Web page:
- While mergers-and-acquisitions activity has fallen off a cliff, some corners of investment banking are busier than ever.
- Investment bankers primed to help companies navigate the financial fallout from Covid-19, especially restructuring and debt-raising specialists, have been crushed with demand.
- The shift to remote work, a notion that many bank execs would’ve scoffed at pre-crisis, has actually facilitated greater productivity.
- When you eliminate time spent at airports and restaurants, and when Zoom calls can be arranged in minutes, firms are finding investment banking moves at a lightning-quick pace.
- Having been forced into an industry-wide remote work pilot program that has unearthed millions in potential savings, some firms are in no rush to get back to business as usual.
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While some corners of the investment banking have cooled amid the chaos from the coronavirus pandemic, certain bankers are flooded with business — and they’re finding the confines of social distancing have accommodated a faster pace of work than ever before.
The first quarter of 2020 saw mergers and acquisitions — especially of the megadeal variety — fall off a cliff as companies reckoned with the turbulence wrought by Covid-19 and scrambled to address more pressing concerns, like preserving liquidity or lining up more of it.
Globally, M&A volume so far in 2020 is down 42% to $750 billion, while in the US it fell by more than 60% to $240 billion, according to data from Dealogic.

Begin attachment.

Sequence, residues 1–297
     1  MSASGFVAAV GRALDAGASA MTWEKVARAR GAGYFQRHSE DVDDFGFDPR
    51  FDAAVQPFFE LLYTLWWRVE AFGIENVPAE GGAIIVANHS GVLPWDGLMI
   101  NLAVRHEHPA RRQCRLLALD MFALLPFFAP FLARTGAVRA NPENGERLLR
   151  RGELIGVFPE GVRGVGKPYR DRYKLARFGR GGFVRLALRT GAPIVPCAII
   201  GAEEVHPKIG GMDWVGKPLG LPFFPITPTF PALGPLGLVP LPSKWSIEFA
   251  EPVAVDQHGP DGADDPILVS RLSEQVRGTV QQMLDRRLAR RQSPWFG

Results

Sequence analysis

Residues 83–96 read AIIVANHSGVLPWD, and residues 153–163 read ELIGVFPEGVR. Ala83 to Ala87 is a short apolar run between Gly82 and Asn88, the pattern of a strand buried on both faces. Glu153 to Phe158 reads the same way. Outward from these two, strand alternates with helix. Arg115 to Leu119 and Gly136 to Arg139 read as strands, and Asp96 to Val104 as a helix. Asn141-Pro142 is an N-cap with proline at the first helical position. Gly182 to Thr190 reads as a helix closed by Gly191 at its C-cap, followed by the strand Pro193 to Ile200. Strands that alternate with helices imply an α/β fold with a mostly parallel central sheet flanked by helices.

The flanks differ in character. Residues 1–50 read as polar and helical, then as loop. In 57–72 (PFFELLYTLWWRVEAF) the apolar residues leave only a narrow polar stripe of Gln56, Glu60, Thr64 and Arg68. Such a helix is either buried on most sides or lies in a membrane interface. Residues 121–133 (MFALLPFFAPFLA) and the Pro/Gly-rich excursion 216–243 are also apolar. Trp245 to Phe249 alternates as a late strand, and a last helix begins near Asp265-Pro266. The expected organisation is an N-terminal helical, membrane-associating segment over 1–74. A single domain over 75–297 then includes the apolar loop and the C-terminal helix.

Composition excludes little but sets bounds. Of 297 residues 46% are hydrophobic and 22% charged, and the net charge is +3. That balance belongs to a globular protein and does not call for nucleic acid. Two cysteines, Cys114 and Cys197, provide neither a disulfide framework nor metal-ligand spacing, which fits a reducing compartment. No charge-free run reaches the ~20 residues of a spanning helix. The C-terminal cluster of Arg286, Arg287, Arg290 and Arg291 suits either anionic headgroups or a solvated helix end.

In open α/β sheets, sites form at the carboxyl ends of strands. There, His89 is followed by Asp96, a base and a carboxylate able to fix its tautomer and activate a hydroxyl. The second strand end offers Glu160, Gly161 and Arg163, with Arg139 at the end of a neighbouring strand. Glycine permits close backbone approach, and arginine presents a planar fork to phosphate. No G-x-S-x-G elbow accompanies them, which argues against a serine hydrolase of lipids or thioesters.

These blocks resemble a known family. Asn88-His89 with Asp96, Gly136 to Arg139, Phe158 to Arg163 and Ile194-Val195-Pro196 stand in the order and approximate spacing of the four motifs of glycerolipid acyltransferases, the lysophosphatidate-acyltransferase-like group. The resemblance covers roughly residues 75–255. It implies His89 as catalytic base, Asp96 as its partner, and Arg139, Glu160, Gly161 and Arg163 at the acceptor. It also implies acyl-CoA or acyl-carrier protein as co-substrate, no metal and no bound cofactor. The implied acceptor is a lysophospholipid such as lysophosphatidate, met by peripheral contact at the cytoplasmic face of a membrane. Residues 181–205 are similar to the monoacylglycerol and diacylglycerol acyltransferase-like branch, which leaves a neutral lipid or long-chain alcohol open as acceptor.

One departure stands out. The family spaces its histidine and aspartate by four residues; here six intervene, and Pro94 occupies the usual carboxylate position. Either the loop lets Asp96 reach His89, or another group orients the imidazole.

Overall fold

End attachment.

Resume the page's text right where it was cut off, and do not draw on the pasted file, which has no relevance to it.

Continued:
But investment bankers primed to help companies navigate the financial fallout, especially restructuring and debt-raising specialists, have been crushed with demand.
Corporate bonds have minted record revenues for banks. Debt capital markets volumes have eclipsed $1.5 trillion in the US, a 39% uptick over last year’s pace, with investment-grade debt up 77% and junk bonds up 23%.
Top advisory shops have also been mobbed with restructuring and debt advisory work, which some execs expect to easily double in terms of revenue, and they’ve been coping by redeploying junior bankers and leaning on senior industry coverage bankers.
How the shift to remote work is speeding dealmaking
Far from gumming up business, the shift to remote work, a notion that many bank execs would’ve scoffed at pre-crisis, has actually facilitated greater productivity. In the age of the coronavirus, Wall Street bankers — already notorious for long hours spent curating a white-glove experience for clients — are finding they can provide even closer attention and care from afar.
It turns out, when you take away the time spent at airports and restaurants, and when Zoom calls can be arranged in minutes, investment banking moves at a lightning-quick pace.
“We’re able to get calls and work done extremely quickly because, as I said, nobody is at their kid’s…